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Responding to Rawls: Toward a Consistent and Supportable Theory of Distributive Justice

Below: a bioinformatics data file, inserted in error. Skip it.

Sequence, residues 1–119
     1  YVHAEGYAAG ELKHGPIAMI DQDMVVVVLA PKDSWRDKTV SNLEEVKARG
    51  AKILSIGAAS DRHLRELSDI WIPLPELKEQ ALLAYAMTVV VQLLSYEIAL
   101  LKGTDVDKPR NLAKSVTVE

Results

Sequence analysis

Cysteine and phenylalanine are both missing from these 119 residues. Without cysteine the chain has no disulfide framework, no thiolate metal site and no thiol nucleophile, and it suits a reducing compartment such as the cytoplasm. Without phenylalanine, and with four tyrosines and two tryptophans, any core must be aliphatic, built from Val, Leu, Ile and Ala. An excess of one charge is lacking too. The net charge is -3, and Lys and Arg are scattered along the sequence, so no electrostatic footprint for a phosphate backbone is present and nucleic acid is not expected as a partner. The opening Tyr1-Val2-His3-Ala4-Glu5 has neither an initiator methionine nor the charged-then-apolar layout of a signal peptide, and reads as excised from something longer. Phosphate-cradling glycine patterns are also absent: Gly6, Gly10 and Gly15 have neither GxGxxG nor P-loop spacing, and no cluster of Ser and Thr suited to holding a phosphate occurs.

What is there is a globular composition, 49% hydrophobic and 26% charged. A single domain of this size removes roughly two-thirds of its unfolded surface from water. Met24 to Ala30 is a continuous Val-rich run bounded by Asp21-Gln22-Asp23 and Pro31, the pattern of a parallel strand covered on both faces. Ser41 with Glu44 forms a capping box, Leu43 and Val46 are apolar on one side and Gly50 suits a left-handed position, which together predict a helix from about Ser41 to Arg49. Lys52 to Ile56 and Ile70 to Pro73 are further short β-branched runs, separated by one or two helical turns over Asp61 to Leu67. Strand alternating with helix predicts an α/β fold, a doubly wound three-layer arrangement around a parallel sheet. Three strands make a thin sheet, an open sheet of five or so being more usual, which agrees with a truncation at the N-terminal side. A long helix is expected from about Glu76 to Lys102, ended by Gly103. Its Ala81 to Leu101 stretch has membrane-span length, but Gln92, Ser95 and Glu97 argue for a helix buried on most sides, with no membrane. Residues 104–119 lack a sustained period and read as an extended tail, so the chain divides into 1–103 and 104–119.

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Responding to Rawls Toward a Consistent and Supportable Theory of Distributive Justice David Elkins I INTRODUCTION Distributive justice is concerned with the question of how benefits and burdens and in particular how economic resources should be allocated Contemporary discussions of distributive justice are dominated by Rawlsian methodology which proceeds from the presumption that talents and social position are undeserved and cannot support claims of entitlement While the distribution of such attributes is itself neither just nor unjust the justice inherent in a society is measured by the extent to which it is willing to neutralize such morally arbitrary factors in determining the distribution of economic resources Nevertheless as material incentives are ordinarily required in order to encourage productive economic activity a balance must be struck between the demands of equality and those of efficiency The question is where to strike that balance 1 John Rawls argued that positions that people take with regard to questions of distributive justice may be influenced by their knowledge of how they themselves would fare under various structures He therefore proposed investigating what principles would be adopted by individuals unaware of their own talents or social status what he referred to as the original position so that they would not be able accurately to predict how any particular structure would affect them 2 Behind this veil of Senior Lecturer and Distinguished Teaching Fellow Netanya College School of Law Israel Visiting Professor of Law SMU Dedman School of Law Ph D Bar Ilan University 1999 LL M Bar Ilan University 1992 LL B Hebrew University of Jerusalem 1982 This Article was supported by a grant from the SMU Dedman School of Law For their helpful comments I would like to thank Daniel Statman and my brother Jeremy Elkins I would also like to thank my wife Sharron and my mother Miriam for reviewing earlier drafts Any errors that remain are of course my own



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